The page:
Ever since I was old enough to talk and understand what a musical was, I only had one answer to the question, “What do you want to be when you grow up?” At three years old, I would respond with three wistful words, “A Broadway actress.” My parents still tell stories about how I knew the lyrics to several musicals by heart before I was five (we won’t dwell on how some of those lyrics were borderline inappropriate for a five-year-old) and when my high school friends were checking “undecided” for their college majors, I was scouring schools to find a perfect theatre program.
Honestly, I didn’t start to feel career anxiety until long after I graduated from college. I spent senior year binge-watching “Gilmore Girls,” attending rehearsals, and pouring my heart into my senior thesis project on Jerome Robbins and “West Side Story.” I went to the career office once and was confused when they asked me about my marketable skills. Did performing a two-minute Shakespearean monologue count?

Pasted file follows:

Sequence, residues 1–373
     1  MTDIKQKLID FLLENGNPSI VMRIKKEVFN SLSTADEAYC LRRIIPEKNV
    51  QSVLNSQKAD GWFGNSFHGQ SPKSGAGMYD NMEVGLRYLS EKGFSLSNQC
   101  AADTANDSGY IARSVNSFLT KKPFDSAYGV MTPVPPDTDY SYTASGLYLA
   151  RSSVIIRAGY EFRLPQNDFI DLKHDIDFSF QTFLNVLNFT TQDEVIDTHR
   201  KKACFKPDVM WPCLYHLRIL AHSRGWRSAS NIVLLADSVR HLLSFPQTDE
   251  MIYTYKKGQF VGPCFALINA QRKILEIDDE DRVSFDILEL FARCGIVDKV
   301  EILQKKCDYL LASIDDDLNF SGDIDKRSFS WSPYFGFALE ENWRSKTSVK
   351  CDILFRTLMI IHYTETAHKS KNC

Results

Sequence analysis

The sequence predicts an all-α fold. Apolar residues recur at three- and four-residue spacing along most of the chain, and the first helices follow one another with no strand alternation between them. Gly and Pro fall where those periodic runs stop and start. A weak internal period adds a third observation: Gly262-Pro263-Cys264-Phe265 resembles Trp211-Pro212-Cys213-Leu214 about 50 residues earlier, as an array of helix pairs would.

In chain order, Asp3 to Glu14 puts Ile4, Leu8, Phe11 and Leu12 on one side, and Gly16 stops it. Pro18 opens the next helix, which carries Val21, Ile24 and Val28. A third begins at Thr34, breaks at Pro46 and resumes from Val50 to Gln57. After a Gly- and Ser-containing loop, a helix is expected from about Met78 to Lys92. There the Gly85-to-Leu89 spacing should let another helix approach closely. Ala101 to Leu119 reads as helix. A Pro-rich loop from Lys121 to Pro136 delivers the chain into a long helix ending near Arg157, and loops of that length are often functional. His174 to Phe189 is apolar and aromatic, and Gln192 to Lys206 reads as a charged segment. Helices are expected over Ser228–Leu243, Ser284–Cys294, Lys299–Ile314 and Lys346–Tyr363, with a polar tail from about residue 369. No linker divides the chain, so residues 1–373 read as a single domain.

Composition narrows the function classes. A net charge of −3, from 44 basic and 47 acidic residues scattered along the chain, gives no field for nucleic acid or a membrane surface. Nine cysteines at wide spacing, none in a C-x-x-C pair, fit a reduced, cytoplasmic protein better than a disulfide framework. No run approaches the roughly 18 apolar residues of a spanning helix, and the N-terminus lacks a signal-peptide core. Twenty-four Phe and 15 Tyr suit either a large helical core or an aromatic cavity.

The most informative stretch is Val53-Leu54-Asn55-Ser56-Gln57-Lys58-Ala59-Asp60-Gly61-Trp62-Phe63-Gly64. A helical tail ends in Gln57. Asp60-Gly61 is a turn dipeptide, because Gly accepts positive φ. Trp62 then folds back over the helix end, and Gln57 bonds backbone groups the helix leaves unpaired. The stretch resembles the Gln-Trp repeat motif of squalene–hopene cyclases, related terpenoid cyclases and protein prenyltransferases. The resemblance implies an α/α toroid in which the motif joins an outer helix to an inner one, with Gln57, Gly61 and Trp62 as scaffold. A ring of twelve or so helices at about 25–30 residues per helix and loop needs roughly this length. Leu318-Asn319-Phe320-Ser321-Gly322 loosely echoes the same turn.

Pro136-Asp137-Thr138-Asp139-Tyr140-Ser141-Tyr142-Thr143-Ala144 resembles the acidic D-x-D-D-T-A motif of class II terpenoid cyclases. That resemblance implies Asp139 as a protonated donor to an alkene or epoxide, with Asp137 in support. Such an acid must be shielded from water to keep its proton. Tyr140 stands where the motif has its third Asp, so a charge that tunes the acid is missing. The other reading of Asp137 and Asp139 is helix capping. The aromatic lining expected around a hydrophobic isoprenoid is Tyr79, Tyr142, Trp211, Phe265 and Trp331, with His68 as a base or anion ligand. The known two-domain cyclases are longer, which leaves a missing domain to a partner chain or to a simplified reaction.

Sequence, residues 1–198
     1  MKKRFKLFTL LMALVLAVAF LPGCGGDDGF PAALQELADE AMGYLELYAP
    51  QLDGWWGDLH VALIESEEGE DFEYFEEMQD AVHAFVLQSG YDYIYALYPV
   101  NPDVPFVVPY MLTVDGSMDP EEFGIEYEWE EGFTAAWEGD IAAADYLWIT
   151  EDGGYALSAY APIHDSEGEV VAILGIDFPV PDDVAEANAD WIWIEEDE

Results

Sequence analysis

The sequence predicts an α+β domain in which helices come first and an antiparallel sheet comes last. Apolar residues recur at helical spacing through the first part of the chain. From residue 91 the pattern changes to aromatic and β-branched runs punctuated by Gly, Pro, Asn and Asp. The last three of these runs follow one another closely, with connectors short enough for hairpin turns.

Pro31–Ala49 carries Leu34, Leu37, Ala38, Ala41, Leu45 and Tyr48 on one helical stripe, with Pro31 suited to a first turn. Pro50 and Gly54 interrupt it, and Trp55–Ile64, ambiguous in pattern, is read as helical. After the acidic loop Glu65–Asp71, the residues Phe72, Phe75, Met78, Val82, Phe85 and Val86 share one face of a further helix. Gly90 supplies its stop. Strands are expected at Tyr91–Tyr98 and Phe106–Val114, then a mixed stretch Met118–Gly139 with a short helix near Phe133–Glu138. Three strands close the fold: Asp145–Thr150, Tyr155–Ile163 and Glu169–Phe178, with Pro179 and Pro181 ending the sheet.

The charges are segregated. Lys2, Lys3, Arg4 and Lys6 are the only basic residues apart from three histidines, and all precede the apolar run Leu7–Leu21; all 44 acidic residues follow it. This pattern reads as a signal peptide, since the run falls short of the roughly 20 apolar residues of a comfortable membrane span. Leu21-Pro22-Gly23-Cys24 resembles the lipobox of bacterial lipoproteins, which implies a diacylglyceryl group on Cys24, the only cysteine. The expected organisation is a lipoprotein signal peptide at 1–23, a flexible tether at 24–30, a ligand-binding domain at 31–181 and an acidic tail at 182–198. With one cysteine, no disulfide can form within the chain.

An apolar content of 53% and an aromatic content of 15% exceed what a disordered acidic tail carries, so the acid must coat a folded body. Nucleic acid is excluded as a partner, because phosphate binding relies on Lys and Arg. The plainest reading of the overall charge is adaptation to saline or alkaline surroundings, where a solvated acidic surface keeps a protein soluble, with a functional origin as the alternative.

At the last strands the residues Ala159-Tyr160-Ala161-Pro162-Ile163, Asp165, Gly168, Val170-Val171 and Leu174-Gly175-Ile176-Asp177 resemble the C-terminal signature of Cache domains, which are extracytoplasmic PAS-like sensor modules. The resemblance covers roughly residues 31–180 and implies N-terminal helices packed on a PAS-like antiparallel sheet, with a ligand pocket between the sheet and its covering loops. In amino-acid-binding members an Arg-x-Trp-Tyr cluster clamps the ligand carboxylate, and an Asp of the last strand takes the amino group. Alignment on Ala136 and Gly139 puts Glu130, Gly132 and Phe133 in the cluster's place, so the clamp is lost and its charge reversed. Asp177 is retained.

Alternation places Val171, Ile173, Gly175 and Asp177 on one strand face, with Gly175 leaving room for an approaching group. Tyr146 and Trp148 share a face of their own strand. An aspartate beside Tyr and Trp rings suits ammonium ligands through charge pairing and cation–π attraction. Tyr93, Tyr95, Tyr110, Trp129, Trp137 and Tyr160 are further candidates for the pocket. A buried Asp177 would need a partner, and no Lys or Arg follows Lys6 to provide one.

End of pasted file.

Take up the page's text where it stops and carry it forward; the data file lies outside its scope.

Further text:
Even when graduation rolled around, I accepted my diploma with a smile and then drank wine with my friends at the campus barbeque, feeling no concern about the fact that I had no job offers. The reason for this carefree attitude was simple: I had a plan. I was moving to New York City, I was going to bartend to support myself, and I was going to audition until I made it on Broadway.
Yes, this was my post-college “plan” at age 22.
And, to be honest, it worked out for a while. I booked several paid performing jobs and received my first actual paycheck for doing what I love to do. Someone was paying me to be on stage, so I felt like I was well on my way to achieving my dream. I knew that many Broadway actresses began their careers by enduring difficult survival jobs. And doing professional regional theatre was like an extension of college — communal housing, coin-operated laundry, overnight “showmances,” and endless nights of drinking. My reality check had taken a rain check.